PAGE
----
In my opinion, the connection between the mystery of Christ and the mystery of Mary suggested to us by today's readings is very important in our age of activism, in which the Western mentality has evolved to the extreme. For in today's intellectual climate, only the masculine principle counts. And that means doing, achieving results, actively planning and producing the world oneself, refusing to wait for anything upon which one would thereby become dependent, relying rather, solely on one's own abilities. It is, I believe, no coincidence, given our Western, masculine mentality, that we have increasingly separated Christ from his Mother, without grasping that Mary's motherhood might have some significance for theology and faith. This attitude characterizes our whole approach to the Church. We treat the Church almost like some technological device that we plan and make with enormous cleverness and expenditure of energy. Then we are surprised when we experience the truth of what Saint Louis-Marie Grignon de Montfort once remarked, paraphrasing the words of the prophet Haggai, when he said, 'You do much, but nothing come of it' (Hag 1.6)! When making becomes autonomous, the things we cannot make but that are alive and need time to mature can no longer survive.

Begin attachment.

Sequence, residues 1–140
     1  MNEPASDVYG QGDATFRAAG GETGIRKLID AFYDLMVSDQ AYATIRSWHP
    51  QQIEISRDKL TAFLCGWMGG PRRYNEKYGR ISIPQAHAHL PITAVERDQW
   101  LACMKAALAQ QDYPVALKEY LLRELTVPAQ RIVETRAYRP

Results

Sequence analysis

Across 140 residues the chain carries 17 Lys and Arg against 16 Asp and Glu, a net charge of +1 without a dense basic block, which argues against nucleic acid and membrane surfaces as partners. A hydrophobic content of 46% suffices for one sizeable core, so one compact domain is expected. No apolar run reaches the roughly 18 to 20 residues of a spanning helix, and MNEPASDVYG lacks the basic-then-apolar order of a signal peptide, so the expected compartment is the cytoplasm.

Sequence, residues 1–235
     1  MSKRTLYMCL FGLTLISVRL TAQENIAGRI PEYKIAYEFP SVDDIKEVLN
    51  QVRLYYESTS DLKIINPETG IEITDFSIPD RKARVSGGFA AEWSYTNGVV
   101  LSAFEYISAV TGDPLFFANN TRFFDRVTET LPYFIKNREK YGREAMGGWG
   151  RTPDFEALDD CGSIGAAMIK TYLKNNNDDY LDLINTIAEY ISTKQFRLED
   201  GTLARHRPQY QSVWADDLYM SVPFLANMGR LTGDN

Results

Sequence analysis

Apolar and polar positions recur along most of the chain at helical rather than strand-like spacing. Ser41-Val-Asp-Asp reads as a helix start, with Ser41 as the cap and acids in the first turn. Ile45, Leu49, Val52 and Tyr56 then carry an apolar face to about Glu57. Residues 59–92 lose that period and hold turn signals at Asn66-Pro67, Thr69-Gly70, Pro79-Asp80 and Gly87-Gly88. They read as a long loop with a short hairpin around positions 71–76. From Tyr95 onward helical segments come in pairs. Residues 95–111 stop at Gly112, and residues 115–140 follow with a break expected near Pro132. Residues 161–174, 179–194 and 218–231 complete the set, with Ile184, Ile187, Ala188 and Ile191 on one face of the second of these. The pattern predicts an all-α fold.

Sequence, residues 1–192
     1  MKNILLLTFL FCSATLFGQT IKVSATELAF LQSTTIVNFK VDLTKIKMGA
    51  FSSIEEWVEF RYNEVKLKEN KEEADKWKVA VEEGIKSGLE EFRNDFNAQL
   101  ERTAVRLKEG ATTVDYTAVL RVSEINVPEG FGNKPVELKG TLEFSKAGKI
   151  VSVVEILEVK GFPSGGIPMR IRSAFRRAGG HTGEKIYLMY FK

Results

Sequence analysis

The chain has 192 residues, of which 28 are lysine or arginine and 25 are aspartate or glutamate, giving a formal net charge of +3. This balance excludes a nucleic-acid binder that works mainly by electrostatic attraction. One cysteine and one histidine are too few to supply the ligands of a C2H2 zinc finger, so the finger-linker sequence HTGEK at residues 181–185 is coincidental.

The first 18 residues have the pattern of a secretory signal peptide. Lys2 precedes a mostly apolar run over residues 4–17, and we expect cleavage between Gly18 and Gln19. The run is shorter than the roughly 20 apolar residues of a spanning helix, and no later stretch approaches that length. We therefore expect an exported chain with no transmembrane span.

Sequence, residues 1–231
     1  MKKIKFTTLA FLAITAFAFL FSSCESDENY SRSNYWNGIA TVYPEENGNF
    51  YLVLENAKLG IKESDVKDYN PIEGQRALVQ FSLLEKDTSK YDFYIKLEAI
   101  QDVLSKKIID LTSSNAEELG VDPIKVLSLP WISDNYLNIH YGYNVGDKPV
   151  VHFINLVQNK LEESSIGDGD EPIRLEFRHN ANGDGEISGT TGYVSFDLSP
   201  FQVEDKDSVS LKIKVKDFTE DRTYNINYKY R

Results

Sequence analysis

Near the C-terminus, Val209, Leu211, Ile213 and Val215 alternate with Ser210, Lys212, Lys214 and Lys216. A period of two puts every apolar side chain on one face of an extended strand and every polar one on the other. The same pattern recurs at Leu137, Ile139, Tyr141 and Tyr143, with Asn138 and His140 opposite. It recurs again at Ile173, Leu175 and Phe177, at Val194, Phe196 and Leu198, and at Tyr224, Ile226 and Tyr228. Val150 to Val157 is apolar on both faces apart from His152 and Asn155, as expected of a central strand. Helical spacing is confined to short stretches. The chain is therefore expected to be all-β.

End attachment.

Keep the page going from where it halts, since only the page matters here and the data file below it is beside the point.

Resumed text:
What we need, then is to abandon this one-sided, Western activistic outlook, lest we degrade the Church to a product of our creation and design. The Church is not a manufactured item; she is, rather the living seed of God that must be allowed to grow and ripen. This is why the Church needs the Marian mystery; this is why the Church herself is a Marian mystery. There can be fruitfulness in the Church only when she has this character, when she becomes holy soil for the Word. We must retrieve the symbol of the fruitful soil; we must once more become waiting, inwardly recollected people who in the depth of prayer, longing, and faith give the Word room to grow.
From 'Mary: The Church at the Source' by Cardinal Ratzinger (now Pope Benedict XVI) and Hans Urs Von Balthasar. This quote comes from a section written by Ratzinger. p 16-17